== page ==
Proxy-ID for VPNs Between Palo Alto Networks and Firewalls with Policy-based VPNs
Difference between policy-based VPNs and route-based VPNs are:
- The IPSEC tunnel is invoked during policy lookup for traffic matching the interesting traffic.
- There are no tunnel interfaces. The remote end of the interesting traffic has a route pointed out through the default gateway.
- As there are no tunnel interfaces, we cannot have routing over VPNs.
- The polices/access-lists configured for the interesting traffic serve as the proxy-IDs for the tunnels.
- Firewalls that support policy-based VPNs: Juniper SRX, Juniper Netscreen, ASA, and Checkpoint.
- The IPSec tunnel is invoked during route lookup for the remote end of the proxy-IDs.
- The remote end of the interesting traffic has a route pointing out through the tunnel interface.
- Support routing over VPNs.
- Proxy-IDs are configured as part of the VPN setup.
- Firewalls that support route-based Firewalls: Palo Alto Firewalls, Juniper SRX, Juniper Netscreen, and Checkpoint.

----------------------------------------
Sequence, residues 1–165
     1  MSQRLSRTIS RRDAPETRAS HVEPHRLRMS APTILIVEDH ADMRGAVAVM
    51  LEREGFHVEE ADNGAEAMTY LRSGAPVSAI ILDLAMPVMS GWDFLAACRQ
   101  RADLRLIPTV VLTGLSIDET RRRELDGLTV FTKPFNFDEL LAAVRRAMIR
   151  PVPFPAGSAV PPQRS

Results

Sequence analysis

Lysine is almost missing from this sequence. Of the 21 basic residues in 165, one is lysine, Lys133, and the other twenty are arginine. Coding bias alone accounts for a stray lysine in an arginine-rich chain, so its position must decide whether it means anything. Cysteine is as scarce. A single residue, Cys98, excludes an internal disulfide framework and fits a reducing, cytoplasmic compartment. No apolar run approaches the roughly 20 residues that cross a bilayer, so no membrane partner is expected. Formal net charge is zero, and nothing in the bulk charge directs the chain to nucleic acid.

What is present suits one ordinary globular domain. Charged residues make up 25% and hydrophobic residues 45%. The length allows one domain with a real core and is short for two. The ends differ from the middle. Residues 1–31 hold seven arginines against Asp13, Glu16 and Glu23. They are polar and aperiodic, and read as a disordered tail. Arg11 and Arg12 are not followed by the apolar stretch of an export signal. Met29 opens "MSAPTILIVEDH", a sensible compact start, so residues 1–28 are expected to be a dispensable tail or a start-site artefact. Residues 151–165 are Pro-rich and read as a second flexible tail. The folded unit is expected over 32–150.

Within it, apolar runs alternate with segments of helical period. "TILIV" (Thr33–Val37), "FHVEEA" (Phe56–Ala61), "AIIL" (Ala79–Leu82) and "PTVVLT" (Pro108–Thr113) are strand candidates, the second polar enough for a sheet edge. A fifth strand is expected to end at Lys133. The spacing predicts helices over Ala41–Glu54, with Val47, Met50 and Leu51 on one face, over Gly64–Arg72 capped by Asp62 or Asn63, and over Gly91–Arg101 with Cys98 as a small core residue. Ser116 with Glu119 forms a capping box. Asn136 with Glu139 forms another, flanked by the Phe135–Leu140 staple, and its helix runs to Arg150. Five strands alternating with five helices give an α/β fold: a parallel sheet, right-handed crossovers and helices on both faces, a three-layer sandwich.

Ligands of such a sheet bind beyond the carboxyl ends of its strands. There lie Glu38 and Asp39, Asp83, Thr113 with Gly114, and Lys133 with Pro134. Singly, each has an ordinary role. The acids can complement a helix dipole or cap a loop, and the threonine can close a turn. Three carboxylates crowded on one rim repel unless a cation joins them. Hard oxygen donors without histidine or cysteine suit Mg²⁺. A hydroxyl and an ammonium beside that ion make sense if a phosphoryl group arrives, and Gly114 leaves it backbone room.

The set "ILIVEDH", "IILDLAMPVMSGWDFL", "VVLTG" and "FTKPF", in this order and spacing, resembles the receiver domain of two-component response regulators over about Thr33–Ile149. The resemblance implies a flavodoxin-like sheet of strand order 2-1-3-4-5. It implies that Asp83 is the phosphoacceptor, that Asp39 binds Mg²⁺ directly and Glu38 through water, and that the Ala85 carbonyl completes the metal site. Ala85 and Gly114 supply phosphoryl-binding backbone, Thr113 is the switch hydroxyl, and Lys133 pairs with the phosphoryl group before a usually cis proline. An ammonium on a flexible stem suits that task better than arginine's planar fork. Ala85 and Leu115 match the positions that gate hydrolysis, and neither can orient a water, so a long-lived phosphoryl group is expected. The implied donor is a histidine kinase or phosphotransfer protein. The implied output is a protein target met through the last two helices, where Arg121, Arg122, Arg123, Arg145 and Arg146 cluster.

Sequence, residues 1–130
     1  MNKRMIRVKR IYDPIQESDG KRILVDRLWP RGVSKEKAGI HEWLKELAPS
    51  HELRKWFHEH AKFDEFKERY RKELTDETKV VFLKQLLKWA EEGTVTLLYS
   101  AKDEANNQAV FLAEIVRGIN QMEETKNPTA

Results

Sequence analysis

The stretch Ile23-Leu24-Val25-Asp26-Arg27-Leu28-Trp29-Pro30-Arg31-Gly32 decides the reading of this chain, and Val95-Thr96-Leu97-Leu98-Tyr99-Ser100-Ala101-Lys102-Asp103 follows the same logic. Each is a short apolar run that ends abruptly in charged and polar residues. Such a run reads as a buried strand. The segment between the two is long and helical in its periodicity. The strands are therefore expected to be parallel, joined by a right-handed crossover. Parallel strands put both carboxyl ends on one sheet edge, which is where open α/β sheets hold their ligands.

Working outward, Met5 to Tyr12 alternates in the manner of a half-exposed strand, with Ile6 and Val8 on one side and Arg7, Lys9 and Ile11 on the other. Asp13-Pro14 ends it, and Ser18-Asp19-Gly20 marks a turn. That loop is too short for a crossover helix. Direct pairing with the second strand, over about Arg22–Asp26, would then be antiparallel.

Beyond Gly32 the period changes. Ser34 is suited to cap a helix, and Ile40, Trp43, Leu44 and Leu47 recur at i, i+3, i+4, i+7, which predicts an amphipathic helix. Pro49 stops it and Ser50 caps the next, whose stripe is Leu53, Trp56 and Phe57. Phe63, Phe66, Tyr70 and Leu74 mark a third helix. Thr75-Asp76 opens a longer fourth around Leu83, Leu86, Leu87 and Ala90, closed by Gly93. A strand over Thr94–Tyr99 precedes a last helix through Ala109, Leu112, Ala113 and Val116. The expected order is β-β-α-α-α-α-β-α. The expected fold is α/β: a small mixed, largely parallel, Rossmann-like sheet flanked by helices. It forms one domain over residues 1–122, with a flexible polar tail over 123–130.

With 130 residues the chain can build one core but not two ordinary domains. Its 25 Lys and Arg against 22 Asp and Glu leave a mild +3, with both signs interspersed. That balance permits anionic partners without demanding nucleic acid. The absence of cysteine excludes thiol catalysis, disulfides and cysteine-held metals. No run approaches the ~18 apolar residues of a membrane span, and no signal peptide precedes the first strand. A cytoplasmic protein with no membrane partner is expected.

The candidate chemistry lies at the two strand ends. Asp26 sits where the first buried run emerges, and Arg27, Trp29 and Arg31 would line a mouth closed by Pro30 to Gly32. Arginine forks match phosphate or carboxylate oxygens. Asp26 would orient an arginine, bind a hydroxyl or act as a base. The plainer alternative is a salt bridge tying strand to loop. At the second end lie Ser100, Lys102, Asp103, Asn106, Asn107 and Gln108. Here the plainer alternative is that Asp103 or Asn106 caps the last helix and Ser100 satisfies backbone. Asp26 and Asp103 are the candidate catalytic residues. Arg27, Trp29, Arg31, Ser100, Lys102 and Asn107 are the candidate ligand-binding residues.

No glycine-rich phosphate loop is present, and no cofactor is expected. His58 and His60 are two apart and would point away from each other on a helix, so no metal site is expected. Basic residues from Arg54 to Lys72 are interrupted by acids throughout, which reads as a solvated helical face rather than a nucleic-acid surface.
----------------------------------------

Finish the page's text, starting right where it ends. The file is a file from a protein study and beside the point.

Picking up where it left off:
Palo Alto Network firewalls do not support policy-based VPNs. The policy-based VPNs have specific security rules/policies or access-lists (source addresses, destination addresses and ports) configured for permitting the interesting traffic through IPSec tunnels. These rules are referenced during the quick mode/IPSec phase 2, and are exchanged in the 1st or the 2nd messages as the proxy-ids. If the Palo Alto Firewall is not configured with the proxy-id settings, the ikemgr daemon sets the proxy-id with the default values of source ip: 0.0.0.0/0, destination ip: 0.0.0.0/0 and application:any, and these are exchanged with the peer during the 1st or the 2nd message of the quick mode. A successful phase 2 negotiation requires not only that the security proposals match, but also the proxy-ids on either peer, be a mirror image of each other.
So it is mandatory to configure the proxy-IDs whenever you establish a tunnel between the Palo Alto Network firewall and the firewalls configured for policy-based VPNs.